What the Tech? Streaming music laws
The Music First Coalition sees some streaming platforms as a problem and will ask Congress on Friday to update outdated copyright laws to keep up with the changing landscape of music listening.
I was thinking the other day 'when was the last time I purchased a CD?'
Honestly, I cannot remember and this is from a guy who, back in the 90s, was buying new music at least twice a week.
I probably listen to music more now that I did 30 years ago so why am I not buying it?
Because I don't have to.
Like most music lovers I can log-on to Spotify or my Amazon Prime account to listen to a playlist of favorite songs or a specific song all for free.
The question is, if everyone else is doing the same thing, how are the artists making money so they can make more music?
The Music First Coalition sees it as a problem too and will ask Congress on Friday to update outdated copyright laws to keep up with the changing landscape of music listening.
"Music is more valuable, is more important and really more accessible to more people than ever before," said Music First Coalition Executive Director Chris Israel. "They're making money but it's always a challenge; there's always just a tension."
So how much do these artists make when fans play their music on a streaming service?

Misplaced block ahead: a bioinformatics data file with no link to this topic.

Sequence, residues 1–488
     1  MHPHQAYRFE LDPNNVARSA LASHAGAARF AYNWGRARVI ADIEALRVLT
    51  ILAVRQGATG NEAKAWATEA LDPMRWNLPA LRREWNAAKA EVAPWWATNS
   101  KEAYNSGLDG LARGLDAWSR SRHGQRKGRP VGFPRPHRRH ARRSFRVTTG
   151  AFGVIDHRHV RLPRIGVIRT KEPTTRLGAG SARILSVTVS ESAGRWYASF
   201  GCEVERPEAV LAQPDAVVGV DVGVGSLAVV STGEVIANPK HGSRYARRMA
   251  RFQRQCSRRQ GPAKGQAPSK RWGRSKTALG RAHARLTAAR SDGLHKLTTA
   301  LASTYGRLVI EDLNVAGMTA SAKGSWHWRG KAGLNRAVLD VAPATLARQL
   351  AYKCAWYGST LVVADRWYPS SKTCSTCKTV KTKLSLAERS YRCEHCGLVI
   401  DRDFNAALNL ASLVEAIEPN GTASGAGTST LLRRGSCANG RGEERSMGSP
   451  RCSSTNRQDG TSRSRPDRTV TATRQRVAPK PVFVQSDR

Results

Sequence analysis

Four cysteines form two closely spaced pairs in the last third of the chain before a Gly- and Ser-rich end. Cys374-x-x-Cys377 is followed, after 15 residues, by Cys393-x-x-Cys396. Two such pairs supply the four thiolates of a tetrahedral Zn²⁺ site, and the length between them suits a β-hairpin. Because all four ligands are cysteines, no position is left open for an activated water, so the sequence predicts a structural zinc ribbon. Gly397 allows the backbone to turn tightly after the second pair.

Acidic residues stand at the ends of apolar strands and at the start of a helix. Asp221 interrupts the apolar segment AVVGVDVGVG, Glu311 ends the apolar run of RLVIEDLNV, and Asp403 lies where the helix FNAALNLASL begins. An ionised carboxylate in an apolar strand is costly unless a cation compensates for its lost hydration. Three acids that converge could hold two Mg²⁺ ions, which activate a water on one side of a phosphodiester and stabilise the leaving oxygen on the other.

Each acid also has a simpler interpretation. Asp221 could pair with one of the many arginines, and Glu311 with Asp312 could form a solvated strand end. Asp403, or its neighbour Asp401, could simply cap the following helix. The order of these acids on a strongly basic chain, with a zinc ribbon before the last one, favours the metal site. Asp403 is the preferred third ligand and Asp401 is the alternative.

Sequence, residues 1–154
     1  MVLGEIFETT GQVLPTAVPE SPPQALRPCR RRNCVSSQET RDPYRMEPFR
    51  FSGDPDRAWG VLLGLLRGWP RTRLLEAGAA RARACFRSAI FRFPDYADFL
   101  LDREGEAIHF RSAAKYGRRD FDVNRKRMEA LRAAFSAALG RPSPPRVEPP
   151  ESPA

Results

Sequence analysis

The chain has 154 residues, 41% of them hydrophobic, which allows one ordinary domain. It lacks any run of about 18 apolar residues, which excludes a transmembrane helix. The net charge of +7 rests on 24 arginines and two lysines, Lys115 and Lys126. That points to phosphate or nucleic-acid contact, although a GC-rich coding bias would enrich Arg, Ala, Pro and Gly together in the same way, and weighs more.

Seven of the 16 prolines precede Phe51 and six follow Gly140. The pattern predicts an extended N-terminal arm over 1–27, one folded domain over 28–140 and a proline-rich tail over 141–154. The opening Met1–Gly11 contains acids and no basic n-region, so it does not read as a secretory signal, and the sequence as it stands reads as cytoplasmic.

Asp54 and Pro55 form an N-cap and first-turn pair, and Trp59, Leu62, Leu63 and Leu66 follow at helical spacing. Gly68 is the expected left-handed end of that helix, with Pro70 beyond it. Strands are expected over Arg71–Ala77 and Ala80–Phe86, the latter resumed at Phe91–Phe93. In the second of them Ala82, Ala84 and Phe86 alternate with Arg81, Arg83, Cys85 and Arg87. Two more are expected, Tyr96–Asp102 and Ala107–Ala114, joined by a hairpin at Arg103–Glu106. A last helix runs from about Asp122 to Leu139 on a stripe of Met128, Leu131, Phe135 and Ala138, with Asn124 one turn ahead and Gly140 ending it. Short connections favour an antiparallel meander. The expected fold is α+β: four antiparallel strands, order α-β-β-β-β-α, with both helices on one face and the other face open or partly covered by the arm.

"On Apple Music, for 1,000 songs, generates about $12," Israel said. "Spotify, if they play a song 1,000 times you get about $7."
He told me those services pay the most while YouTube and Sirius-XM pay much lower.
FM radio has never compensated artists directly for playing their music.
For major artists with new music that fee structure sounds pretty good.
Drake's latest song, for example, is played on Spotify about 4 million times a day.
Most artists, though, aren't making enough to notice.
Some songs from legendary artists make $0.
"Music that's recorded before 1972 often isn't paid at all because the federal copyright doesn't protect it," said Israel.
YouTube is the most popular streaming music service in the world.
Last year's hit "Despacito" had a total of 4.7 billion views.
"YouTube and Google have been frustrating partners in all of this," said Israel. "The rates that YouTube has kind of negotiated with artists are really a take-it-or-leave-it deal. They're dramatically lower that exists for Spotify or Apple Music."
The Music First Coalition has the ear of Congress on Friday, hoping to change things for the artists and songwriters who entertain us.